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The Bookshop on the Shore

A Novel
Narrated by: Eilidh Beaton
Length: 13 hrs and 11 mins
4.5 out of 5 stars (47 ratings)

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Publisher's Summary

A grand baronial house on Loch Ness, a quirky small-town bookseller, and a single mom looking for a fresh start all come together in this witty and warmhearted novel by New York Times best-selling author Jenny Colgan.

Desperate to escape from London, single mother Lottie wants to build a new life for herself and her son, Raffie. She can barely afford the crammed studio apartment on a busy street where honking horns and shouting football fans keep them awake all night. If she doesn’t find a way out soon, Lottie knows it’s just a matter of time before she has a complete meltdown. On a whim, she answers an ad for a nanny job in the Scottish Highlands, which is about as far away from the urban crush of London as possible. It sounds heavenly! 

The job description asks for someone capable of caring for two...well, the advertisement says “gifted children”; the reality is more like “feral wolverines”. The children’s widowed father is a wreck, and the kids run wild in a huge tumbledown castle on the heather-strewn banks of Loch Ness. Still, the peaceful, picturesque location is everything London is not - and Lottie rises to the challenges of the job.

With the help of Nina, the friendly local bookseller, Lottie begins to put down roots in the community. Are books, fresh air, and kindness enough to heal this broken family - and her own?

©2019 Jenny Colgan (P)2019 HarperAudio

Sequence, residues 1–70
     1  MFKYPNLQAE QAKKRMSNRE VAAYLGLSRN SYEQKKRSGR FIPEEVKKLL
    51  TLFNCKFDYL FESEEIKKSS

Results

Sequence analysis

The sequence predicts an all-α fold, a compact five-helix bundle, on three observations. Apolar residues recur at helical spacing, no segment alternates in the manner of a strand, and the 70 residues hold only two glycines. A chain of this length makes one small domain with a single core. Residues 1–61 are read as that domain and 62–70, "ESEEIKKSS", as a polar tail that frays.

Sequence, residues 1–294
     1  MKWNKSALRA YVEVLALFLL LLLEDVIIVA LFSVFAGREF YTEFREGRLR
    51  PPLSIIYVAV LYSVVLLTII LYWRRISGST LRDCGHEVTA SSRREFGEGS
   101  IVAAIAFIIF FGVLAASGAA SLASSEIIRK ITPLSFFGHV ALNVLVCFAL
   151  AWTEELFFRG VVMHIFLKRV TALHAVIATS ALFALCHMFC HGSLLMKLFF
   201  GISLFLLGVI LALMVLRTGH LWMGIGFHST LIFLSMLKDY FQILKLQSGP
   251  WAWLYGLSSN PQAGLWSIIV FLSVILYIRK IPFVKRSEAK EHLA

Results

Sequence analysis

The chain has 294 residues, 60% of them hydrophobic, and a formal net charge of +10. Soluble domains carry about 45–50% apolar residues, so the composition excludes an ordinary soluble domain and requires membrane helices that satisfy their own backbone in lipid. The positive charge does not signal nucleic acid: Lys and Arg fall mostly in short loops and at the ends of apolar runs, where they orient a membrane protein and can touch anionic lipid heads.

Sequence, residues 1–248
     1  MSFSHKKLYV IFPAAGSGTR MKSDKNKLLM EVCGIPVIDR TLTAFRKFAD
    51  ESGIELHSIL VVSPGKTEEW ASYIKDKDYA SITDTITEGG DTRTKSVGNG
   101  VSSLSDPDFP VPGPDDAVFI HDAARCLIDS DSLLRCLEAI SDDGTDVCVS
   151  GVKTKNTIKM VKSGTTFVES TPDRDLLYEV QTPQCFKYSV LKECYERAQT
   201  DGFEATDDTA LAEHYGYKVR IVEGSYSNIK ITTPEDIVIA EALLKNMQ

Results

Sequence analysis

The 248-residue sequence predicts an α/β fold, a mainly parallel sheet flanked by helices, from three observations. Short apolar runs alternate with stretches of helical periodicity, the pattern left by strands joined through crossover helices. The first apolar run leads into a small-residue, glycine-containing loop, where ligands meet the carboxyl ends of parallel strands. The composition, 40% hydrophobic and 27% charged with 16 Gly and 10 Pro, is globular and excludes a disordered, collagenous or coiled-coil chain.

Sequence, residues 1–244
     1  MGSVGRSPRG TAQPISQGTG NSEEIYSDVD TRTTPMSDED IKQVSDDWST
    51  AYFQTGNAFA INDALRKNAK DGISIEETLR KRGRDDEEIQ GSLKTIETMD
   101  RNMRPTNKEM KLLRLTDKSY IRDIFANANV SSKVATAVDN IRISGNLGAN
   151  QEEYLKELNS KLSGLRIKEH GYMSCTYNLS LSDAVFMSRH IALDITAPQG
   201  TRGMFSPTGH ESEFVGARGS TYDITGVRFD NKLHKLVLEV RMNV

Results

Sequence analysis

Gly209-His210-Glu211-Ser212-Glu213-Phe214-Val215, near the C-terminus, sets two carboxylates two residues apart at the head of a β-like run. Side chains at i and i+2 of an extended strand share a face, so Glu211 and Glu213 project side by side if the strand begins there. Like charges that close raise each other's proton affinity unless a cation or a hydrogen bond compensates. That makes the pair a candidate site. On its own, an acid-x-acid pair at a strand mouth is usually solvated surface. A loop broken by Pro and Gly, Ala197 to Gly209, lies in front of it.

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ABSOLUTELY PERFECT!

Absolutely LOVED this book! The story was charming and the children came ALIVE though the talented narration! In the wise words of Patrick.
ABSOLUTELY PERFECT!!!

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  • Kimberly
  • Indianapolis, IN, United States
  • 07-03-19

Slice-of-life novel

Setting: a village near Loch Ness Contemporary
Genre: Chick-lit

[I am guessing at spellings because...the audio format]

Zoe is a single mom of Hari, a 4 year old boy with mutism. The child’s father, Jas, is a feckless dreamer who is sure his next DJ gig will lead to fame and fortune. He is self-indulgent, denying himself nothing thanks to his parents, while the child he sees only occasionally lives in a mean little bed-sit with his overworked mum. When her rent is raised Zoe is at her wit’s end. Then she hears of an au pair position and a job in a mobile bookstore. Perfect! Except the jobs are in Scotland and she’s never been far from Bethnal Green in the East End of London where she was born — before the area became posh. But she needs the work so off she goes. The mobile bookstore job is assisting a very pregnant Nina (from The Bookshop on the Corner) until the baby is born. Then, while Nina takes a maternity leave she’ll run the whole thing by herself. Except the running of it by herself comes sooner than expected when Nina has to go in the hospital for the last few weeks of her pregnancy. Meanwhile the au pair job at the big house isn’t as she imagined. The Urquhart children are more akin to feral cats than civilized people. All 3 have been turned out of school for the term for bad behavior. It is up to Zoe to get them out of their devices and teach them to get along with the rest of humanity.
If you chose this book thinking you were getting a light contemporary romance you’ll be disappointed. Oh sure, there a bit there at the end, but it’s an afterthought more than an integral part of the plot. That’s one drawback for me. Another is that at the beginning of part three, the author inserts herself by directly addressing the reader/listener. I found this quite intrusive, and it actually angered me. Who wants to be yanked right out of a story by a pontificating author?
This is a slice-of-life novel. It is basically about how Zoe handles the bookstore, making changes that end up distressing Nina, and what she does to civilize her young charges. Zoe is a well developed character, the others less so. Probably because there were so many others few got the chance to develop into fully fleshed-out individuals. Even Ramsay, the object of Zoe’s desire, doesn’t have much depth. It seems the author put most of her character-development energy into Zoe and the youngest Urquhart child, 5 year old Patrick.
This is an average read in the “borrow” rather than “buy” category. It is enjoyable, but ultimately forgettable.

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